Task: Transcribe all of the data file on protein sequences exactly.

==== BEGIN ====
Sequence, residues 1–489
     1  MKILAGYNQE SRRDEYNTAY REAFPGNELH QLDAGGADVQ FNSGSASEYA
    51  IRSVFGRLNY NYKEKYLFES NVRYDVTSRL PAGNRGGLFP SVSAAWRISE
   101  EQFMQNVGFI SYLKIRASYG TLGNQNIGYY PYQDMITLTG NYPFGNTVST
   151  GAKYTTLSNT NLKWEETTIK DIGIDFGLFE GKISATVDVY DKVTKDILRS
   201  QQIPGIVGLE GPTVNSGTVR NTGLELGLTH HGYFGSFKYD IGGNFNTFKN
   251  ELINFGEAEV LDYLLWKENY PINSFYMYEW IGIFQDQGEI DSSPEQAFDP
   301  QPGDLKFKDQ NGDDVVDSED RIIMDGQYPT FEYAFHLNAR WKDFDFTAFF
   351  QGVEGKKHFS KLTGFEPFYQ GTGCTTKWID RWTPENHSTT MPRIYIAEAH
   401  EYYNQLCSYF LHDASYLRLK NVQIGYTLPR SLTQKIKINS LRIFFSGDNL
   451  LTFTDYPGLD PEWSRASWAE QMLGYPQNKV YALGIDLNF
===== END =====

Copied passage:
Sequence, residues 1–489
     1  MKILAGYNQE SRRDEYNTAY REAFPGNELH QLDAGGADVQ FNSGSASEYA
    51  IRSVFGRLNY NYKEKYLFES NVRYDVTSRL PAGNRGGLFP SVSAAWRISE
   101  EQFMQNVGFI SYLKIRASYG TLGNQNIGYY PYQDMITLTG NYPFGNTVST
   151  GAKYTTLSNT NLKWEETTIK DIGIDFGLFE GKISATVDVY DKVTKDILRS
   201  QQIPGIVGLE GPTVNSGTVR NTGLELGLTH HGYFGSFKYD IGGNFNTFKN
   251  ELINFGEAEV LDYLLWKENY PINSFYMYEW IGIFQDQGEI DSSPEQAFDP
   301  QPGDLKFKDQ NGDDVVDSED RIIMDGQYPT FEYAFHLNAR WKDFDFTAFF
   351  QGVEGKKHFS KLTGFEPFYQ GTGCTTKWID RWTPENHSTT MPRIYIAEAH
   401  EYYNQLCSYF LHDASYLRLK NVQIGYTLPR SLTQKIKINS LRIFFSGDNL
   451  LTFTDYPGLD PEWSRASWAE QMLGYPQNKV YALGIDLNF